Will Thailand’s Move Forward Party Give Up on Lese-Majeste Reform? 

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Will Thailand’s Move Forward Party Give Up on Lese-Majeste Reform? 

Even if it puts off amending the royal defamation law for now, change is probably inevitable given shifts in public attitudes toward the monarchy.

Will Thailand’s Move Forward Party Give Up on Lese-Majeste Reform? 

A billboard of Thailand’s King Vajiralongkorn in Krabi, southern Thailand, November 24, 2019.

Credit: Depositphotos

Whether or not the Move Forward Party (MFP) is denied the chance to take office, its victory at last month’s general election was the closest we’ve come to an opinion poll on how Thais think they should be allowed to talk about their monarchy. For decades, royalist reactionaries have claimed that the royal family is held in such high esteem by the masses that even the slightest whiff of criticism needs to be culled lest the same people hear it, as if affection for this institution could be popped as easily as a balloon. At the same time, they’ve conspired to make sure there can be no accurate assessment of the public’s actual mood towards the monarchy because anything that isn’t obsequious is considered heretical. There is something prophylactic and inoculating in the country’s lese-majeste law.

But last month more than 14.4 million Thais, nearly two-fifths of the electorate, turned up and voted for a party that explicitly says it wants to reform or abolish lese-majeste. Royalists cannot now claim the electorate was unaware of the MFP’s position on this, that it was a tertiary pledge discreetly slipped in at a late stage. One struggles to find any public mention of the MFP that didn’t also include its views on this matter. And for months royalists have been calling for the MFP’s dissolution solely because of its stance on lese-majeste. As such, those same royalist reactionaries now have to face the situation where they made the MFP’s campaign for lese-majeste reform the cautionary tale of the election, yet they now have the results in black and white.

Granted, one could argue that 62 percent of the electorate didn’t vote for a party so explicitly tied to lese-majeste reform, although some within the second-placed Pheu Thai Party (which won 28 percent) have said they’re open to a parliamentary debate on reform. And, of course, not everyone who voted for the MFP agreed with the party’s call to abolish or reform lese-majeste. But neither can it be said that all of them disagreed with it. In fact, because of the degree of controversy surrounding this most taboo issue, it could be reasoned that those voters knew exactly what they were voting for.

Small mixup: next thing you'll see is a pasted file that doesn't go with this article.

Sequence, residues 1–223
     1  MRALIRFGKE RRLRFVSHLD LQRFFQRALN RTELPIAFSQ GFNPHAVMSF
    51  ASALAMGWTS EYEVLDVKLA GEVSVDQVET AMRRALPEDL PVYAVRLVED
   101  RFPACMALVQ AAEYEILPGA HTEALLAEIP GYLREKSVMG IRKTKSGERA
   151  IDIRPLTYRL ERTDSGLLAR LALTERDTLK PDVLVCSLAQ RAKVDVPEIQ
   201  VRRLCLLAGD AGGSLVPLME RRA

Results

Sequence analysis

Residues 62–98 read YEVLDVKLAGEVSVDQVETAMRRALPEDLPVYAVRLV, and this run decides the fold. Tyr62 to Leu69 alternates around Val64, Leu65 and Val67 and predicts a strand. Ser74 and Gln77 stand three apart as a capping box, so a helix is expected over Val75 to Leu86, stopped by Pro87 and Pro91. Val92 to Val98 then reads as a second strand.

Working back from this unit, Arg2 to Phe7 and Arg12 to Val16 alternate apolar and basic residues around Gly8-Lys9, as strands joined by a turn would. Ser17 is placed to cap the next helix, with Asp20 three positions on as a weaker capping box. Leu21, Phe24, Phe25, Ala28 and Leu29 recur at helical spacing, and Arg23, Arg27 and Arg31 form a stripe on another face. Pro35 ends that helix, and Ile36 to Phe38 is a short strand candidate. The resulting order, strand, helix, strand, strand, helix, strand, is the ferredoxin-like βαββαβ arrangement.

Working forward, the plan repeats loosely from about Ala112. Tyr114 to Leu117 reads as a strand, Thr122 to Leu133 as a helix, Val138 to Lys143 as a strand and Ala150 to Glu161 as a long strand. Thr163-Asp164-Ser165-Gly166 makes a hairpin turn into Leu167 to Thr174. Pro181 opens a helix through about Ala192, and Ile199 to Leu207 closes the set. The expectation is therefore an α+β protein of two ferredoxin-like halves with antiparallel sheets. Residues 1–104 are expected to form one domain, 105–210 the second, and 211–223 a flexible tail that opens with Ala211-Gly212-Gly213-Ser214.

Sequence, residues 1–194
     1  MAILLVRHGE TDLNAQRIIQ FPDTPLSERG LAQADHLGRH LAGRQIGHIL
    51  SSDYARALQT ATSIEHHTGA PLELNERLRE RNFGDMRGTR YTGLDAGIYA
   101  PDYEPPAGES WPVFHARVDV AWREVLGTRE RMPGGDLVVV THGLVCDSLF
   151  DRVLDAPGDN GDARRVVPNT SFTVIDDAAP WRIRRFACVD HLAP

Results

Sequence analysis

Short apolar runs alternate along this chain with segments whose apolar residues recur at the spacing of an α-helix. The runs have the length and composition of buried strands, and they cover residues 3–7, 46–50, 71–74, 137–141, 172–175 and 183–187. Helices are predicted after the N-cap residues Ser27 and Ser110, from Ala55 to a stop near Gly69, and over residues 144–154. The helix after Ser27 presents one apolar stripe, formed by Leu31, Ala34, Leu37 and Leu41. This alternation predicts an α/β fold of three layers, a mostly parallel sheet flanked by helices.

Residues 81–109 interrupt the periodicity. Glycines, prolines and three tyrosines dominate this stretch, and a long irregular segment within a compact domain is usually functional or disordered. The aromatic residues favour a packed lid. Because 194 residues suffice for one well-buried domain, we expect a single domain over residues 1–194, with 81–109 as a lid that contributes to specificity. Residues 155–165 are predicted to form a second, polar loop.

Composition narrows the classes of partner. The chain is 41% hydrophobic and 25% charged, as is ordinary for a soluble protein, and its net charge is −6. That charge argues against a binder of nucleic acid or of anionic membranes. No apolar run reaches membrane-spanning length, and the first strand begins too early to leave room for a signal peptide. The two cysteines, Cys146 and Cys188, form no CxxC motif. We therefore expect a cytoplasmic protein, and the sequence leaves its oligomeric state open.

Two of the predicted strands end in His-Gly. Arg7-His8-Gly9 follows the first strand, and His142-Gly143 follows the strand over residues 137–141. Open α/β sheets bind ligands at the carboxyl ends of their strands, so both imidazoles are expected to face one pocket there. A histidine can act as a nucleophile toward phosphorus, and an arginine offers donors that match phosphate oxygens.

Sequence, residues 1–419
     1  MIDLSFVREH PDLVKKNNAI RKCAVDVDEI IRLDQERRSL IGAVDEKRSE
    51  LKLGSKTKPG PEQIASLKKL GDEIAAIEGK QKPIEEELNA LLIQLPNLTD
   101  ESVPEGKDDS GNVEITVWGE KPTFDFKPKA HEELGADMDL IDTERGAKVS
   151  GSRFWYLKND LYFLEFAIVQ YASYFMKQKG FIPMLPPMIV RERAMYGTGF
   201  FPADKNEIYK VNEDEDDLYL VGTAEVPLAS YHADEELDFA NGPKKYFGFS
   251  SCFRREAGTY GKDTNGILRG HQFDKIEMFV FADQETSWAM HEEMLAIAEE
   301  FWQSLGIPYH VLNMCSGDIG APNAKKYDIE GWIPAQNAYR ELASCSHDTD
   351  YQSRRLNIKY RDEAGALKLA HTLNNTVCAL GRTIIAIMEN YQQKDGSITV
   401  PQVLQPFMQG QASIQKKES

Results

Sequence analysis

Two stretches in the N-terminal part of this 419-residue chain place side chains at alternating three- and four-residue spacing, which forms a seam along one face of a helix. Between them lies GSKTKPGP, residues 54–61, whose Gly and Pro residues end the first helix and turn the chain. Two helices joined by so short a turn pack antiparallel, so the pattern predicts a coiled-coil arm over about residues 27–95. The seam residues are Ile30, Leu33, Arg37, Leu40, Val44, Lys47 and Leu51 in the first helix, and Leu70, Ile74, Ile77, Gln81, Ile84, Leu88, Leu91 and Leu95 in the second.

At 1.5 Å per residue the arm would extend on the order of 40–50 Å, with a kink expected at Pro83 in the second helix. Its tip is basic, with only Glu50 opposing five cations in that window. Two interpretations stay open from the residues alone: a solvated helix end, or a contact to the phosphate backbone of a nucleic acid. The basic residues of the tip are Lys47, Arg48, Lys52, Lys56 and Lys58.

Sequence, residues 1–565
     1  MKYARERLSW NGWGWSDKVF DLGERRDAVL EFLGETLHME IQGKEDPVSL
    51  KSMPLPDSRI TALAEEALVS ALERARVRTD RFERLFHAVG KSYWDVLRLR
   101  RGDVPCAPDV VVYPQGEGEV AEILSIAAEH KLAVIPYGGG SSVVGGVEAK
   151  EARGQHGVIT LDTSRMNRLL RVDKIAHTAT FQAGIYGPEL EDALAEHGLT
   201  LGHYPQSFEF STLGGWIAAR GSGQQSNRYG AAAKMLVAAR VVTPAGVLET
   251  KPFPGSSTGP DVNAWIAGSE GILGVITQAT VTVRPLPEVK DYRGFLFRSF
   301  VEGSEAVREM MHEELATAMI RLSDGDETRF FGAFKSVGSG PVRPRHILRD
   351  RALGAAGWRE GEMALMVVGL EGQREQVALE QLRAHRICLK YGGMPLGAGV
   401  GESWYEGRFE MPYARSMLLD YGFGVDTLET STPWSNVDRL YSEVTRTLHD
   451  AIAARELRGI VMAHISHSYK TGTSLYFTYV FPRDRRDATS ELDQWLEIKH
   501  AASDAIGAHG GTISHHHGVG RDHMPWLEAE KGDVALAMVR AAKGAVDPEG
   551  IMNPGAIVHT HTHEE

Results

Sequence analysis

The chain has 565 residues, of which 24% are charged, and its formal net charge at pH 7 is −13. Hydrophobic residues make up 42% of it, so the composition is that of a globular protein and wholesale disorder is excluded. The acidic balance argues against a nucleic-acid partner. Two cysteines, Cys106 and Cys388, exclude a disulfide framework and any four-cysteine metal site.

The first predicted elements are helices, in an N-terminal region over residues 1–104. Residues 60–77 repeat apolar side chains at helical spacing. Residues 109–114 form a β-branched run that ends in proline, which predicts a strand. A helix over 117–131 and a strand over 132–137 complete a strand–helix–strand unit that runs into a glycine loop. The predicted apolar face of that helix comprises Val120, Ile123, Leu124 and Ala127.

This deserves to be recognized as an achievement of the party and of the Thai people, even by those who now fear that the MFP will abandon its radical take on lese-majeste in order to enter government. If MFP leader Pita Limjaroenrat wants to become prime minister, the MFP and its eight-party coalition need to find 63 extra votes from lawmakers (mostly conservatives and royalists) before parliament reconvenes on August 3 to elect a prime minister.

Although necessary, lese-majeste reform isn’t the most important task ahead of the MFP. Nor should Article 112 abolitionists consider their cause abandoned if change doesn’t come as early as they want. The MFP-led coalition’s plans to draft a new and genuinely democratic constitution, and reverse the country’s extreme centralization of administrative power around the military, are prerequisites for social or cultural reform. If one wants genuine progress on free speech, including around the monarchy, then the primary task is to make sure the military never returns to political power. The coalition could kick the matter to an MFP lawmaker to bring before parliament at a later date. A compromise could be reached: a public referendum on whether lese-majeste laws should be (a) left as they are; (b) reformed to reduce their scope and punishments; or (c) abolished. (A binary choice between continuity or change would be less meaningful.)

But it’s more than just about legislation. This sort of reform is cultural before it’s legal. One could argue that the MFP would never have won last month’s election had the 2020-2021 youth-led protests not taken place, setting the stage for a public debate about lese-majeste that was long overdue. Those protests kicked the issue into the public square when it had previously been talked about in hushed remarks between friends or amongst academics. That won’t now be undone, regardless of what happens with Pita and the MFP. And the bottom-up nature of this activism needs to be remembered.

A gradualist approach isn’t wrong, either. It’s feasible, as I pointed out in a recent column here, that one could have the situation where lese-majeste remains on the books but it is amended so that a maximum punishment is a paltry fine and a slap on the wrist. An important step would be to amend the way in which people are accused of the lese-majeste heresy, which is currently that anyone could accuse another person. Or, indeed, an MFP-led government could make it known to judges its preferences for minimal sentences in future lese-majeste cases. An MFP-led government could subsidize lawyers for defendants accused of lese-majeste, ensuring these things are adjudicated properly in the courts. To mix my metaphors, what is needed for this estuary of debate to turn into a sea change is for people to realize that the sky won’t fall if every perceived insult of the monarchy isn’t met with the most vicious of repression.